|In the ancient Byzantine churches, Jesus is rarely|
shown suffering on the cross, he's most often shown as
a shepherd, a leader, a preacher, or a teacher.
Friday, November 2, 2012
In the Lands of Armageddon
At the risk of repeating myself, I must say, traveling is an amazing path to get to the essence of what it is to be human. Talking to people in other cultures serves up food for thought, and by traveling slowly, there is time to chew and savor that food. In Turkey I’ve thought about the myriad forms religion takes to satisfy the deep longings of human beings. At the same time, fanaticism, stemming from the fear of not being judged faithful enough to get into heaven, sometimes motivates people to follow advice from the insane.
Recently I had a Face Book interaction with a man who’d left a comment on a friend’s post. I answered him and we got into a discussion, which I’m sure he saw as a combative argument, though I’m always very careful not to call anyone names or say that anyone is wrong.
My friend had asked this man, how, as a Christian, he could support the wars in the Middle East. The man responded that Jesus was not a pacifist, people who think that are wrong.
His answer made it clear that somehow in his fundamentalist Christianity, the angry penalizing God of the Old Testament that destroyed entire cities at the drop of a hat, and Jesus, are one and the same. Therefore Jesus is not a pacifist. Jesus wants people who “sin” to be punished or die and burn in hell. I pointed out several things Jesus said about turning the other cheek, how he stopped an execution in progress, and told parables about God being a loving father - not the mean S.O.B. of the Old Testament. I always thought Jesus came to change people’s ideas about God, which were fundamentally incorrect. Jesus never advocated violence against our fellow men in anything he said or did. Even when he threw the money-changers out of the temple, he did it mostly with words and some ropes for a whip. Nobody got hurt.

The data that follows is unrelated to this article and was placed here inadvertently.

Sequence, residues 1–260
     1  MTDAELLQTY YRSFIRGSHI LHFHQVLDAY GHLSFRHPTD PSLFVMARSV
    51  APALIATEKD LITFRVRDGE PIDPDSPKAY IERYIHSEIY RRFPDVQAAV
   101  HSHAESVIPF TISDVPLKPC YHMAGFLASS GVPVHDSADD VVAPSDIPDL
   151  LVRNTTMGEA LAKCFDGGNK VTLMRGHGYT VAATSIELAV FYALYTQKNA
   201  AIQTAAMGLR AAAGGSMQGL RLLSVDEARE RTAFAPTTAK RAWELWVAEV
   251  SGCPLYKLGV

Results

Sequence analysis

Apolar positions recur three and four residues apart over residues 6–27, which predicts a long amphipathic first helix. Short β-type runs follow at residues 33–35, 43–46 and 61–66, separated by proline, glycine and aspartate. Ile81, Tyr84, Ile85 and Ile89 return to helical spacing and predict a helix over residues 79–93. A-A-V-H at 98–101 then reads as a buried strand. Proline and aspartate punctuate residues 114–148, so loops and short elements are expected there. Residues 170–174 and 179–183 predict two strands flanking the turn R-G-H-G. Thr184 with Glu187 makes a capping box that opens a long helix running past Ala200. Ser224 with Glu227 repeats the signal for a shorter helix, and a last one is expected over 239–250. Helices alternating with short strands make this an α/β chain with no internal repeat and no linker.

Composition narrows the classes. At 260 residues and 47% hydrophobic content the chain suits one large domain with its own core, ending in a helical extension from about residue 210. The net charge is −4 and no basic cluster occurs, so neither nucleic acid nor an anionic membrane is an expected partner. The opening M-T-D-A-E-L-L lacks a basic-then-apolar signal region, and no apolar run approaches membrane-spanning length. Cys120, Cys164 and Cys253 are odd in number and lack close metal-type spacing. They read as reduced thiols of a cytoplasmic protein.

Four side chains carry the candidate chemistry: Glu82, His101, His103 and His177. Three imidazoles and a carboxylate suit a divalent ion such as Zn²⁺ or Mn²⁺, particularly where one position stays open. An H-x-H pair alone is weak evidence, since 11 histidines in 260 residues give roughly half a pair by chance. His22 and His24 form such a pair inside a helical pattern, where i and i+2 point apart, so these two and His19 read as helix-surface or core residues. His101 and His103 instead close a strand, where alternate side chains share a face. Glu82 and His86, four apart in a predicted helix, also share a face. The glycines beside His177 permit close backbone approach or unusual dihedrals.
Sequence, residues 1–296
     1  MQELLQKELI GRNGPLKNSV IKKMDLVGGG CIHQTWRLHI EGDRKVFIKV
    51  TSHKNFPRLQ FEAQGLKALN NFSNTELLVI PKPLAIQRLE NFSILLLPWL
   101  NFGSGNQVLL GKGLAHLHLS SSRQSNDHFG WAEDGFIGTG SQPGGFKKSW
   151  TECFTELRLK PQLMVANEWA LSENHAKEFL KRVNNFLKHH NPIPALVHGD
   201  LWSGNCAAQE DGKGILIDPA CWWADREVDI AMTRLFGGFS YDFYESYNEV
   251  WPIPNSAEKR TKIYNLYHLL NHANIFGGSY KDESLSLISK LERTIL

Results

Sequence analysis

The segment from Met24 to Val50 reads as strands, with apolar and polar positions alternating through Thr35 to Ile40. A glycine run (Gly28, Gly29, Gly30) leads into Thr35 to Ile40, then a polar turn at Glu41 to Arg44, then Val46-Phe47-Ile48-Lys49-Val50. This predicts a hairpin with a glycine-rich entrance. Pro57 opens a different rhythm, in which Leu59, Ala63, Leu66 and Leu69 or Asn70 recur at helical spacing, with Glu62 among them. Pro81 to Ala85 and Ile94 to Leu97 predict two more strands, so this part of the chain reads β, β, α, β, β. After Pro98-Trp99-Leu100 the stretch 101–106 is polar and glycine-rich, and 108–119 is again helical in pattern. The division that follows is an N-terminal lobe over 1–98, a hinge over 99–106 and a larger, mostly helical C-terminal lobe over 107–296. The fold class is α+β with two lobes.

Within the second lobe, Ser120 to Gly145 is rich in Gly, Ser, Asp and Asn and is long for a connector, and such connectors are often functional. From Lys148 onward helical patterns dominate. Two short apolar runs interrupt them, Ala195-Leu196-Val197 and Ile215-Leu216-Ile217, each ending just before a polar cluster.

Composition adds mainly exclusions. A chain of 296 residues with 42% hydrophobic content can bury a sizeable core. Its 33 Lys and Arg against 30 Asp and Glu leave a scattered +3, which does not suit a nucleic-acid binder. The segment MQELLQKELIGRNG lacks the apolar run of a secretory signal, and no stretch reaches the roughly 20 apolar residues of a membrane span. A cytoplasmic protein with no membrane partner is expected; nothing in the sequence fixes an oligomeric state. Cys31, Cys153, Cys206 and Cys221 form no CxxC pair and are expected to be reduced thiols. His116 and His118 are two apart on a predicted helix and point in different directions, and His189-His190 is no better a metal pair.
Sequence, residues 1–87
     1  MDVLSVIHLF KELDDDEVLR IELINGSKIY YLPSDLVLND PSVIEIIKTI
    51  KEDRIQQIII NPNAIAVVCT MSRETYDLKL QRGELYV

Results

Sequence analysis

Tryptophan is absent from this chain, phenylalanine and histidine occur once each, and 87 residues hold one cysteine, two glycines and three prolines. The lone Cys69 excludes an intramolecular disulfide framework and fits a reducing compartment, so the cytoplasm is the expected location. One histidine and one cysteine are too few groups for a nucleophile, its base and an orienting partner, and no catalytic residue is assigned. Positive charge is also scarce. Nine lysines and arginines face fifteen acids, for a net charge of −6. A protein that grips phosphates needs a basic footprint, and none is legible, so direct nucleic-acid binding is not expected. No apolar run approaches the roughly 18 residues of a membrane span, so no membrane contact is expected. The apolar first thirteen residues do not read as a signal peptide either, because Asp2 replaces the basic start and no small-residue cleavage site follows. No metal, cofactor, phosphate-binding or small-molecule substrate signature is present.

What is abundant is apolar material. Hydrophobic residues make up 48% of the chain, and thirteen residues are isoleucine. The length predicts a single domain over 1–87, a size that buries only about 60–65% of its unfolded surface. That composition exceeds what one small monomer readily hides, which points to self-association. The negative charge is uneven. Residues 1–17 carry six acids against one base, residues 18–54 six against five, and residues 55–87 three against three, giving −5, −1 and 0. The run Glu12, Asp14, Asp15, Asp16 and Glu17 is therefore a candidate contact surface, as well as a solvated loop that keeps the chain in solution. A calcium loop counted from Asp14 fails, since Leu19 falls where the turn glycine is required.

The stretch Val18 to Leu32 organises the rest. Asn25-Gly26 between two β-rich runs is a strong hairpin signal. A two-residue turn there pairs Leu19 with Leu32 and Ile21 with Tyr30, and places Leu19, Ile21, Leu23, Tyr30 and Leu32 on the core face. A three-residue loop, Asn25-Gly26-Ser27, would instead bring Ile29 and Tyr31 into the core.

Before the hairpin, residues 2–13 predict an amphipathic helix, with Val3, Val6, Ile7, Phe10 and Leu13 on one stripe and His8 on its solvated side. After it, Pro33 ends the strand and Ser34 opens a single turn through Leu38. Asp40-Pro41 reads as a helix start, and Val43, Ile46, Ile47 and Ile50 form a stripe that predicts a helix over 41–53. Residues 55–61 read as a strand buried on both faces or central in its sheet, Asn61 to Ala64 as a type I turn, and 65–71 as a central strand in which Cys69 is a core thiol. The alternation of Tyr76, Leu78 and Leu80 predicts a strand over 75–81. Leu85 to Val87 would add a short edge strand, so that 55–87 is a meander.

According to that man, I had it all wrong. I mistakenly took those quotes out of context. Jesus and God are the same entity along with the Holy Spirit, therefore it was Jesus who destroyed Jericho and turned Lot’s wife into a pillar of salt, etc. God is a demanding God, who requires people to do exactly what he says or they will be cast into hell forever. God is still punishing whole countries and cities, using hurricanes and earthquakes to teach people lessons, and he uses powerful nations like the United States to carry out His will.
After this Face Book interaction, some disjointed ideas cascaded into place.
I grew up in the Bible belt. Not in the “buckle” but definitely in one of the holes. Many times, I was under the impression that people expected the prophecy of Armageddon to happen soon, now that Israel had been reestablished as a country in the Middle East. Because of the belief that Jesus would return and take up the true believers, they actually wanted Armageddon to happen, and in their lifetimes! I remember hoping those people never get to a position of power, they would happily use nuclear bombs to destroy the world. Can you imagine? Billions of people burnt to a crisp based on the belief that Jesus, who advocated non-violence and love, will return to save them (and only them) from their self-full-filled prophecy!